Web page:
2. Migraine May Double Risk Of Facial Paralysis; ScienceDaily.com; Web December 2014; http://www.sciencedaily.com/releases/2014/12/141217171315.htm
  3. Does Migraine Produce Facial Palsy? Neurology; Web January 2015; http://www.neurology.org/content/84/2/108.short

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Middle Age Migraineurs At Risk Of Parkinson’s Later

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Studies Show Some Middle-Age Migraineurs Go On To Develop Parkinson’s At Old Age (1)

A recent study conducted at the Uniformed Services University in Bethesda, and published in the medical journal Neurology (of the American Academy of Neurology) , showed that there was a link between migraines and the development of Parkinson’s Disease.

Though severe migraine attacks are considered as disabling as serious illnesses such as dementia, active psychosis or even quadriplegia, it is still the most under-funded and less researched of all neurological diseases in the world.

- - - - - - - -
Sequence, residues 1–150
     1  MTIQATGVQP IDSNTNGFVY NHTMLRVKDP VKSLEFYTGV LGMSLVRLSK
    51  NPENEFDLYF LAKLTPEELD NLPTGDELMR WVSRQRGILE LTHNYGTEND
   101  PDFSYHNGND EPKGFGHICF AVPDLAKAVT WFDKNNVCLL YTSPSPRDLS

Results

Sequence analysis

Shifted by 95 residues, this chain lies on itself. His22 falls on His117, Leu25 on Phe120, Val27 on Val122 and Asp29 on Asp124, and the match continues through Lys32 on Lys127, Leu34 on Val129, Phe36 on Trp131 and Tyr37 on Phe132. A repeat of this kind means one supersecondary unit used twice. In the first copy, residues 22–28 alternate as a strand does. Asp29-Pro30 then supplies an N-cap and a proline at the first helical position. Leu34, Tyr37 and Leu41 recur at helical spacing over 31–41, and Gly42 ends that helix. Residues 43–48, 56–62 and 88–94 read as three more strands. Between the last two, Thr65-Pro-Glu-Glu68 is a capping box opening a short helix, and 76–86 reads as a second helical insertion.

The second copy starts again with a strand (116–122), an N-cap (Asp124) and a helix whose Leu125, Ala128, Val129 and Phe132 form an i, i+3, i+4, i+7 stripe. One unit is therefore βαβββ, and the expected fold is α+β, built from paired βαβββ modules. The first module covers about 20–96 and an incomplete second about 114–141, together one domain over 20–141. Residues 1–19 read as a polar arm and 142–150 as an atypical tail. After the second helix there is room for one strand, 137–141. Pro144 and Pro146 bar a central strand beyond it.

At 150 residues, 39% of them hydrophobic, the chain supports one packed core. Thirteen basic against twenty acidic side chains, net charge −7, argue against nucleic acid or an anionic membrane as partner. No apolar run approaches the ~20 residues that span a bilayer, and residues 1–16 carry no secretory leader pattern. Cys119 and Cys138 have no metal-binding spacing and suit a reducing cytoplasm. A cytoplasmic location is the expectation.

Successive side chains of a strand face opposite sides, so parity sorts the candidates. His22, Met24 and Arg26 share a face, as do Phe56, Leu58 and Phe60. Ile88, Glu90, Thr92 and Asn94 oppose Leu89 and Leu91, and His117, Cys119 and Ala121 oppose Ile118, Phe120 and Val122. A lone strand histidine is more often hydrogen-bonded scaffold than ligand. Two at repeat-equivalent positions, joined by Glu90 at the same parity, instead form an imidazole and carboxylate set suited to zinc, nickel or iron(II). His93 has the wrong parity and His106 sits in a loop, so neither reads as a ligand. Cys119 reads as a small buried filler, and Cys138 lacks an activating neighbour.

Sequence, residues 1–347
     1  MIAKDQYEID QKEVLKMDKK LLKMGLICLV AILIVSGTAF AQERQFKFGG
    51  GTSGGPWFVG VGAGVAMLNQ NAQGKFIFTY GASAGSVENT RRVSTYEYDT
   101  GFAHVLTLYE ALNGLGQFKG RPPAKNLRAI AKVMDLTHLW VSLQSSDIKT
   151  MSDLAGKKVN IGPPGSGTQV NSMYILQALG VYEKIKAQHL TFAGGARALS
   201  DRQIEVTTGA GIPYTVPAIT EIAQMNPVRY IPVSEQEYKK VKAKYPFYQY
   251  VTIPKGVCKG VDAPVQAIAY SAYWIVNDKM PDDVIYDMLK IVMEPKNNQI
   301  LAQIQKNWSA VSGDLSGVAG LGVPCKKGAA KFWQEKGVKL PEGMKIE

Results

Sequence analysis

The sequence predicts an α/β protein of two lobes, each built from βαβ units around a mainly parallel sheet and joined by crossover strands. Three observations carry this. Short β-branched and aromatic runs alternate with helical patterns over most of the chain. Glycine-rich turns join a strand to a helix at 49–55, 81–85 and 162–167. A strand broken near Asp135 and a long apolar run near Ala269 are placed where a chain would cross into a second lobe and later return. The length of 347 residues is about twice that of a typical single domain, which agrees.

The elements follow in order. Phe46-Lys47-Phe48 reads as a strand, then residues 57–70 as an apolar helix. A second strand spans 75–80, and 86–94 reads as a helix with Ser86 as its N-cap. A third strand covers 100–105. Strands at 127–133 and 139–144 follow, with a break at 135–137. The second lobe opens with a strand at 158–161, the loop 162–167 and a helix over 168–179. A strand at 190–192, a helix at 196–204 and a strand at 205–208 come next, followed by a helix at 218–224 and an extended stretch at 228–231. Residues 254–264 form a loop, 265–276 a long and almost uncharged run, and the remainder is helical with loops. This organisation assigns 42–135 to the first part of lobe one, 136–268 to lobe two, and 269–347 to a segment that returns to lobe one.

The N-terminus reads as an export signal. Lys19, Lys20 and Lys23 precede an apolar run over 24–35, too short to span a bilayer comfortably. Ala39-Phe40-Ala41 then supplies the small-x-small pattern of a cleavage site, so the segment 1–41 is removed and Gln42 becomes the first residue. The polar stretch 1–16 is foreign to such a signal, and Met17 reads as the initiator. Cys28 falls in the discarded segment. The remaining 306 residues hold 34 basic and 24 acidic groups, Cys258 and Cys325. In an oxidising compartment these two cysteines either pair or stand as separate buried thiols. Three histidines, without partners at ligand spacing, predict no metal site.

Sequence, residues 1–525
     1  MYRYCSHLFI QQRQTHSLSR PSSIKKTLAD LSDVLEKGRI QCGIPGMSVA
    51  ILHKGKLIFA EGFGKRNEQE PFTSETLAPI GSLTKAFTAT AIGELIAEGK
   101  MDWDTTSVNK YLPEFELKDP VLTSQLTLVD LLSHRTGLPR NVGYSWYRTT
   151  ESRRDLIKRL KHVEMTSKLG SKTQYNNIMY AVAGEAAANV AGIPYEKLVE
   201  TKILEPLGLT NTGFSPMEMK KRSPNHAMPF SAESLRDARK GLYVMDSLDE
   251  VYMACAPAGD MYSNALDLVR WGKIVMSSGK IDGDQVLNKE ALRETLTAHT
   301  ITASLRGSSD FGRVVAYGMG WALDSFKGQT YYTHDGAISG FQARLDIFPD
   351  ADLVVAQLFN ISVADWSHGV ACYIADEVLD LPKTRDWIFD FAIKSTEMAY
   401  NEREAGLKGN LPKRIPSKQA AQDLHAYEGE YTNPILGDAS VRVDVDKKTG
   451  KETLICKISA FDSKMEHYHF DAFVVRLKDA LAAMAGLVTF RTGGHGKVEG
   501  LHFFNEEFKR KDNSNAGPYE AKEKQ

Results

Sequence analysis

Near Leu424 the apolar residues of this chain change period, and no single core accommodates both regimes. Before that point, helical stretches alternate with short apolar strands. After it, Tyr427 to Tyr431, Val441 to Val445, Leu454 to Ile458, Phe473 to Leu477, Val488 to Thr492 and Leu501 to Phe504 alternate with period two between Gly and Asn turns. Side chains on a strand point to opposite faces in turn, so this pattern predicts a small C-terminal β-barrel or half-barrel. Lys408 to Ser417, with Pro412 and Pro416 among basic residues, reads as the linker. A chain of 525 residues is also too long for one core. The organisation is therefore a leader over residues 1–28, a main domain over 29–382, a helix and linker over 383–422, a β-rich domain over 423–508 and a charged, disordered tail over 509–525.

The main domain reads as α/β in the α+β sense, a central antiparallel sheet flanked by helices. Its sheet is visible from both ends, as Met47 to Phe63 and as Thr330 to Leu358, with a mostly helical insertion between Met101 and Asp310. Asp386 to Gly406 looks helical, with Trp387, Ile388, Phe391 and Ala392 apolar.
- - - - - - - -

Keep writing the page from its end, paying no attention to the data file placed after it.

As per lead author of the study, Ann I. Scher, M.D migraines are the most common brain disorder among both the sexes linked to both cerebrovascular and heart disease. However, the study exhibited that the link between middle-age migraining and Parkinson’s is stronger for women who suffer migraines with aura. She says, “This new possible association is one more reason research is needed to understand, prevent and treat the condition.” (2)

The research involved 5620 persons from Iceland for a period of 25 years. Their ages were between 33 and 65 years at the time when the study began. Of the 5620 persons studied, 1028 had headaches without migraine symptoms, 238 had migraines without aura and 430 experienced migraines with aura. Here are the result highlights:  (3)

  • Migraineurs with aura twice as likely to develop Parkinson’s later than Migraineurs without aura
  • 1% of the persons without headaches developed Parkinson’s later when compared to 2.4% who developed it and had migraines with aura.
  • People with migraine with aura were also around 3.6 times more likely to report at least four of the six symptoms of Parkinson’s, and people with migraine without aura were 2.3 times more likely.
  • Overall rates in absolute terms were as:
        • In people with migraine with aura: 19.7%